We've already learned a lot about Ramadan this month from our neighbors. This weekend is the major holiday called Korite (Eid ul-Fitr in other countries), which is the official breaking of the fasting period. As part of the celebration, the head of household will buy a goat or a sheep, or split the cost of a whole cow to share among their neighbors and friends. There is still a lot though, that I don't understand. As I type, there is some loud chanting blaring from the mosques loudspeakers which lasted until 1:30am.
In order to understand the culture better, I took my eldest son, Jacob, on a guys trip to buy a sheep at a farmer's market. After haggling with several vendors, they tied the animal on top of our luggage rack. Then we took it to a man's house and watched them perform a process as old as time. To be honest, Jacob got a little queezy and had to sit down for a while, but I wanted him to experience this with his dad, because this is an important part of life here in Africa. For someone raised in an urban culture or suburbia, where meat is cleanly wrapped in celophane, he got a glimpse of what life is like for a majority of the world. In a sense, it was like a little rite of passage for my son. Definitely a "guy thing" and kind of gross, we honored mother's wishes by bringing all the mutton home in ziploc freezer bags.
The next week I was asked by one of my Senegelese pastor friends to drive him and his 6 year old son and another young boy to a circumcision ceremony. (My son opted out on this opportunity for male bonding). So, on Saturday, I picked them up at church and we drove for an hour out to a remote health center. After some awkward silence, I asked about the cultural signficance of this ritual for the Sereer people and why they don't perform this surgery after the birth. He told me that circumcision is really seen as a right of passage for manhood. Traditionally they would send the young man out into the bush alone to fend for himself for a month or more, then after a period of separation he would return for a huge party of celebration where the father would kill a fattened cow for a feast lasting several days. Often the circumcision didn't happen until much later in adolescence or early adulthood, usually just before the wedding ceremony. My pastor friend was not circumcised until he was 28 years old, but now the culture is changing and they are starting to do it more when the boys are younger.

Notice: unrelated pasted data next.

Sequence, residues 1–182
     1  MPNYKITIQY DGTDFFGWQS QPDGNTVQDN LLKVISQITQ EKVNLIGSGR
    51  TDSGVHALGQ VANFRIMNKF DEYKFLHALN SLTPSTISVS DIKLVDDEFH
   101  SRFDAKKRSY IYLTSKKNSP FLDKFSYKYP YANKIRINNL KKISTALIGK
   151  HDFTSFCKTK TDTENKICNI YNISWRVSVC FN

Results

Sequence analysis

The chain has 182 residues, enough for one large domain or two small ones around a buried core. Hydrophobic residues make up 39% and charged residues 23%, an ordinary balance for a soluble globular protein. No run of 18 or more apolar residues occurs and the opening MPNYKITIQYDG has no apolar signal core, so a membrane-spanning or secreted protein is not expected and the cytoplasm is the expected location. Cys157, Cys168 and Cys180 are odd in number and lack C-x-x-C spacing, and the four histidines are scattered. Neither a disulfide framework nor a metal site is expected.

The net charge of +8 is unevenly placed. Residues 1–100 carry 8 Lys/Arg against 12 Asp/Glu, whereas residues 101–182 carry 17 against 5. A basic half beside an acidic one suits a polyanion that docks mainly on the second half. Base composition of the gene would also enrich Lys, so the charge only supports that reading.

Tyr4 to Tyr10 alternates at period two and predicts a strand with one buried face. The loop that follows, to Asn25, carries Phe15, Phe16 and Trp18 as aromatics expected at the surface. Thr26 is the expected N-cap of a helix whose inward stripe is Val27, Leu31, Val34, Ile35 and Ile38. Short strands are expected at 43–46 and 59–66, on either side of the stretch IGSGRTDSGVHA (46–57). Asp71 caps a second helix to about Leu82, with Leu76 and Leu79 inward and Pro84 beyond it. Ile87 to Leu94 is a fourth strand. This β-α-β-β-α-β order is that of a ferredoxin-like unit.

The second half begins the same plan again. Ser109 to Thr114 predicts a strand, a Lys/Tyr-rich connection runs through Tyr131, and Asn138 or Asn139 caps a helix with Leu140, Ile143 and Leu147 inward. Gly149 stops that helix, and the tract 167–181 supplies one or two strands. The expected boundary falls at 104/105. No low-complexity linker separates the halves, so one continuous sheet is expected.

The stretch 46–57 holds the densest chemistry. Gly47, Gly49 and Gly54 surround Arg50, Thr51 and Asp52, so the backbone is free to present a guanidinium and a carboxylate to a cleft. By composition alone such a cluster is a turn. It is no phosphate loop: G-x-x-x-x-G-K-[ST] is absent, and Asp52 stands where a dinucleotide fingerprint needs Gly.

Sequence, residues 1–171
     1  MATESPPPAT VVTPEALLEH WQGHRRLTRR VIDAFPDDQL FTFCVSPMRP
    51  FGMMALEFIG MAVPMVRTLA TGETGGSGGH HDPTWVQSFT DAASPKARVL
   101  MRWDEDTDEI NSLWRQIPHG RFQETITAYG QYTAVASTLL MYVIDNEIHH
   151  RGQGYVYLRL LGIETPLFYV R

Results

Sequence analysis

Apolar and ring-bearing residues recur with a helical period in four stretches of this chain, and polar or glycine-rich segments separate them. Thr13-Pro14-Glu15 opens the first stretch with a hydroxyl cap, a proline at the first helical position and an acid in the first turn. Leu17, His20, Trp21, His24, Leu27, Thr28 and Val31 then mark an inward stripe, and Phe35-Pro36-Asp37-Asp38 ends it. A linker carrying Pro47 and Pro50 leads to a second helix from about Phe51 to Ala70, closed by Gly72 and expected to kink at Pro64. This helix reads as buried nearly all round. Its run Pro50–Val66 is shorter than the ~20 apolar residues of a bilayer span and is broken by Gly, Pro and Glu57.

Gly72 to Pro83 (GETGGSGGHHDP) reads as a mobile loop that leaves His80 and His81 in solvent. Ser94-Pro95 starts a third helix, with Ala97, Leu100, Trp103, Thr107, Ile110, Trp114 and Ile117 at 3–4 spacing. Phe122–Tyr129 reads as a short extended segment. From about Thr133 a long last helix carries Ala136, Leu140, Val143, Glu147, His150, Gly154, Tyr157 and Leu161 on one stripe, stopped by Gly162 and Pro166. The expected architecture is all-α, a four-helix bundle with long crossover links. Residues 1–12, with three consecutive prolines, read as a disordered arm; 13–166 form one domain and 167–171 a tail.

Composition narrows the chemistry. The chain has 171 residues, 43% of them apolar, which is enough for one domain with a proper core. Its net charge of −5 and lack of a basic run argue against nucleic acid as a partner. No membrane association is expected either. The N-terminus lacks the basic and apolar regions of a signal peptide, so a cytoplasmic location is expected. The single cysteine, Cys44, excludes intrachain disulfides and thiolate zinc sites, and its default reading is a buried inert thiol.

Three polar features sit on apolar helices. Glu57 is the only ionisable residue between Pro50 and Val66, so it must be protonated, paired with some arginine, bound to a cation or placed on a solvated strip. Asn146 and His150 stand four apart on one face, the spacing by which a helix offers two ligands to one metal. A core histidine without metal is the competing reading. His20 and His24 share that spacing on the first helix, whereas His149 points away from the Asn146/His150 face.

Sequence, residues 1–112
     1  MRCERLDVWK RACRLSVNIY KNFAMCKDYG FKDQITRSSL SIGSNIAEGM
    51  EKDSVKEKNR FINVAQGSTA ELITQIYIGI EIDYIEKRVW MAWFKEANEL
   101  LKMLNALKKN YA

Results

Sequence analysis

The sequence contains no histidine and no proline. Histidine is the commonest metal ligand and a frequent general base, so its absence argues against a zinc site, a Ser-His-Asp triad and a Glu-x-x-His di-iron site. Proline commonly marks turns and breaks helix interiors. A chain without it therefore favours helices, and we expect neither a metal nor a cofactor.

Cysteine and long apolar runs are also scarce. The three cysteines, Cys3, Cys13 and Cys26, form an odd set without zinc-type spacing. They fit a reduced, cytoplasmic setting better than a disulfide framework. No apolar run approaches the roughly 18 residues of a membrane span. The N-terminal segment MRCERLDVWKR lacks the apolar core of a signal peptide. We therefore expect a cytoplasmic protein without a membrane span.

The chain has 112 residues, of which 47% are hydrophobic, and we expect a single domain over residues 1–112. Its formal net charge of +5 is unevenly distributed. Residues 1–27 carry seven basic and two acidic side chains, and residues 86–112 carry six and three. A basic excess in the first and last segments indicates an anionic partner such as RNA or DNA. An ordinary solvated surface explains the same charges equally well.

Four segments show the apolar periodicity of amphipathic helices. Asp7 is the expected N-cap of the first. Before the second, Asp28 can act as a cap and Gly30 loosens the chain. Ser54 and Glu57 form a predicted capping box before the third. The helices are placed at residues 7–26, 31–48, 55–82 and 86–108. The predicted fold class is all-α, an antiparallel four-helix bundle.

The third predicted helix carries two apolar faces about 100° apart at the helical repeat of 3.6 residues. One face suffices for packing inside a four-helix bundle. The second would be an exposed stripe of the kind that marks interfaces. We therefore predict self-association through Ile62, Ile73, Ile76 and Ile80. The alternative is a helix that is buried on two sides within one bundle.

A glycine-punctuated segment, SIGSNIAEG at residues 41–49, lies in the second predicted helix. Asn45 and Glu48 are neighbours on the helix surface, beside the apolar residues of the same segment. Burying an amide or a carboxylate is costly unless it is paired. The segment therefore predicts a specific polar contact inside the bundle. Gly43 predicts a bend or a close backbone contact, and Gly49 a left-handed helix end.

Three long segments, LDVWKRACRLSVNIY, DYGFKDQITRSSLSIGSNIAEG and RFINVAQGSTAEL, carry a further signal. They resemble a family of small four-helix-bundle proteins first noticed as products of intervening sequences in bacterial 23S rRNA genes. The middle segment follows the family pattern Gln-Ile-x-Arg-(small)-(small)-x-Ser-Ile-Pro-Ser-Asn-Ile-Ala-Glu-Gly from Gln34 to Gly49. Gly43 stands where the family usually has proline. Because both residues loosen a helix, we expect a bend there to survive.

We all waited nervously outside the dingy medical clinic as the boys tried to figure out who was going first. The door opened and the father and the pastor's son went inside the room. I thought I would hear crying but it was strangely silent. After 30 minutes, this little guy come out of the room smiling and tell his dad, "I didn't even cry once". Meanwhile, his little friend hid his face in my lap knowing it was his turn next. Since his dad couldn't be there, I became a surogate father for the moment and patted his back trying to reassure him that everything is going to be alright.
The second boy sheepishly went into the room and was a little off-color when he returned. Both boys were wearing little white hospital gowns. I put on some Serer music and tried to change the subject. I felt bad when I heard one of the boys, actually puking in my car. We pulled over and cleaned up the mess, then I did something probably not culturally appropriate - I offered them some Ibuprofen pills which Nicole had sent with me.
For those living cross-culturally this kind of purposeful immersion does change your standing in the community. When you understand more of what's going on, the significance of things and have shared intense moments together, there is a sense of you moving deeper and closer to the people you live among. So in that sense, our whole family has experienced a series of rites of passage as we minister in Senegal.